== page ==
Character Development Through Emotional Needs

Character Development Through Emotional Needs

This week, we’re going to be talking about connecting to your character’s emotional needs. 

Usually when we talk about characters, we don’t talk about their emotional need at all. We talk about their tangible goal, the tangible object: What do they want? What are they going for? What’s their dream? What’s their goal? 

If you want to talk in acting terms, what’s their super objective? What’s their intention? What’s their objective in the scene? What’s the thing they want more than anything else that they’re trying to get? 

If you want to talk in Hitchcock terms, what’s the MacGuffin that everyone’s trying to get in the movie? 

We’re really comfortable with this idea of the tangible object. 

For examples of a tangible object, in Raising Arizona, everybody wants the baby. In The Godfather, Michael wants to protect the family. In The Handmaid’s Tale, June wants to save her children.

Almost every character has this tangible object that they are seeking. If you know that tangible object, character development becomes much easier. 

In fact, all you have to do is make it hard for them to get the tangible object and they will go on a journey. They will have to start making new choices and those new choices will change them, just like in your own life. 

If you know what you want and you start going for it, you will hit obstacles. We think about those obstacles as bad things, but oftentimes when it comes to character development they’re not. The obstacle is just the thing that makes it hard. The thing that makes it hard is the thing that forces you to learn who you really are and to make choices you’ve never made before and to experience who you really can be. 

If you’ve ever had a great creative partner, great director, great actor, that person doesn’t just say, “Sure, anything you want, boss!” A great collaborator, a great mentor, pushes you, asks you hard questions and forces you to think more deeply, to get under the surface. They don’t make it easy, they make it hard.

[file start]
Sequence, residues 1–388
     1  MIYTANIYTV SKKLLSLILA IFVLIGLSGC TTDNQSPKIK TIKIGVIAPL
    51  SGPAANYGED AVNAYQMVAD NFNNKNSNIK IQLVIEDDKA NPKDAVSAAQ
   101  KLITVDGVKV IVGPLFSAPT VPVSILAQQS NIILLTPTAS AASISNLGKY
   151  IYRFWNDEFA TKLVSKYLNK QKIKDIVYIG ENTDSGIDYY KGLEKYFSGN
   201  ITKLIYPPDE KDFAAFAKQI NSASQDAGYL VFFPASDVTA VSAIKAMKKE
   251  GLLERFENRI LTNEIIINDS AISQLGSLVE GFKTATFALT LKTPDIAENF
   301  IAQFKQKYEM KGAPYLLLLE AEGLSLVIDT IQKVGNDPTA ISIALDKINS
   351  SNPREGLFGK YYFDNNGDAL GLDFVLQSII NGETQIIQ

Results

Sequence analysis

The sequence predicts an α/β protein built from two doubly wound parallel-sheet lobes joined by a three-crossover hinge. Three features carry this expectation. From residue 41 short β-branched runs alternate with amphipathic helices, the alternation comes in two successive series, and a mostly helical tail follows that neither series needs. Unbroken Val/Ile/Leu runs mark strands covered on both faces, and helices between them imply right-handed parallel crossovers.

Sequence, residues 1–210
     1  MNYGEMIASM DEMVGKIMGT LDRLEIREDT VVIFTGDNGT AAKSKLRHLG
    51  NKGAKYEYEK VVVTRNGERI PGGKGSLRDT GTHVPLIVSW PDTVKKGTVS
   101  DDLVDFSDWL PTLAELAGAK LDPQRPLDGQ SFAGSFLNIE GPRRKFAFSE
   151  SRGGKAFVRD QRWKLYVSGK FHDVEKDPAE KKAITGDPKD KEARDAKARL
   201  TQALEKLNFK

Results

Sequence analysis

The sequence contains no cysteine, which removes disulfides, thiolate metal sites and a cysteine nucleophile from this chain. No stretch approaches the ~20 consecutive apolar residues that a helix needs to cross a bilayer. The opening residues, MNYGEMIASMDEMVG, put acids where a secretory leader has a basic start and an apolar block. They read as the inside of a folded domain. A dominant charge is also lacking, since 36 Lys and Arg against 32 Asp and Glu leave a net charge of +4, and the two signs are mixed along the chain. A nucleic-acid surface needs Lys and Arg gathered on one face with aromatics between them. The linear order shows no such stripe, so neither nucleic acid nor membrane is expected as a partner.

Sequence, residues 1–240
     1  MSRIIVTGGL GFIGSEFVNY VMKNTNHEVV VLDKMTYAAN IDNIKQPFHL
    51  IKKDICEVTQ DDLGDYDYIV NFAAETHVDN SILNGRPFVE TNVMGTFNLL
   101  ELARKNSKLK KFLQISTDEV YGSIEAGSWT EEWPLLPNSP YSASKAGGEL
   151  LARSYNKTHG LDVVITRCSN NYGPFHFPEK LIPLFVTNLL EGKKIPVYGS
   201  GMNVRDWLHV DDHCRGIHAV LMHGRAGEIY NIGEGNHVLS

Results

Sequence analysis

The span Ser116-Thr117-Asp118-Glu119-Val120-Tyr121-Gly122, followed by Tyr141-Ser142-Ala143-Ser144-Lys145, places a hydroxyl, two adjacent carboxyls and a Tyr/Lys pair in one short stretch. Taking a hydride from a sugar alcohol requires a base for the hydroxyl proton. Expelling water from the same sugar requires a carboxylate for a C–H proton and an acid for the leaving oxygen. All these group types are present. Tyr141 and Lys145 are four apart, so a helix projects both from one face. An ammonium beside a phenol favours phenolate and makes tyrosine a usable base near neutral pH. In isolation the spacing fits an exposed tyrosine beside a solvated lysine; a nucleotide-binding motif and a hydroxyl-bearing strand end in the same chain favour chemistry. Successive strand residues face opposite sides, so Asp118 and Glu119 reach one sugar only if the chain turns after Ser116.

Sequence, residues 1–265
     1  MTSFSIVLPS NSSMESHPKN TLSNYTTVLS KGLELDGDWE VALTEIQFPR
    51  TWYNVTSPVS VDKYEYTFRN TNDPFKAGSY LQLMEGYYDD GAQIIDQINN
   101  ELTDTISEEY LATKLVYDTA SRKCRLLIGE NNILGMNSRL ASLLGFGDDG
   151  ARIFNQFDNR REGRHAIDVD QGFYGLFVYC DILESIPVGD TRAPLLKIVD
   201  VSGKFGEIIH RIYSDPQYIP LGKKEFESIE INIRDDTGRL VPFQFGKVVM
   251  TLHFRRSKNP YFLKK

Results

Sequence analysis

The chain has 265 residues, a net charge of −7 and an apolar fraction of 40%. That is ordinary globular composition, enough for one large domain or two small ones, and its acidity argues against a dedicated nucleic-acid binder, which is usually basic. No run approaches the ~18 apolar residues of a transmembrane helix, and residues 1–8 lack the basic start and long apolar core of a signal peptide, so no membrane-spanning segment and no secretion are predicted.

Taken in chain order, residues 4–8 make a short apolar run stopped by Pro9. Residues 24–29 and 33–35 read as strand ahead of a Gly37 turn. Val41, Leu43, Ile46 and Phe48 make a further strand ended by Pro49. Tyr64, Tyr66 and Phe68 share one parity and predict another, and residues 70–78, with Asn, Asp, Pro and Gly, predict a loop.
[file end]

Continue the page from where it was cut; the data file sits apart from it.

In making it hard, they force you to discover who you really are as a person and as an artist and as a writer. 

It’s the same way with our characters, if you know the tangible object and you attack the tangible object and you make it hard, the character has to make new choices, and that sends them on a journey. 

This raises two really interesting questions: 1) How to develop characters when you don’t know what the character wants? 2) Why is it that we care so much about what some characters want and we don’t care at all about what other characters want? 

Why is it that sometimes you go to see a movie and sometimes the character wants something that you don’t even connect to? 

If you’re watching There Will Be Blood, the character wants oil. How many of us are seeking oil? How many for how many of us are like, “Yeah, that’s my dream. You know, I just really want to be an oil man.” Most of us don’t have that dream. So, why do we care about Daniel Plainview? 

If you watch The Wrestler, the wrestler wants to wrestle again. Well, most of us don’t have the desire to get the crap beat out of us in a ring by a 300 pound man. Most of us don’t connect to that tangible object. So, why is it that we care about the wrestler?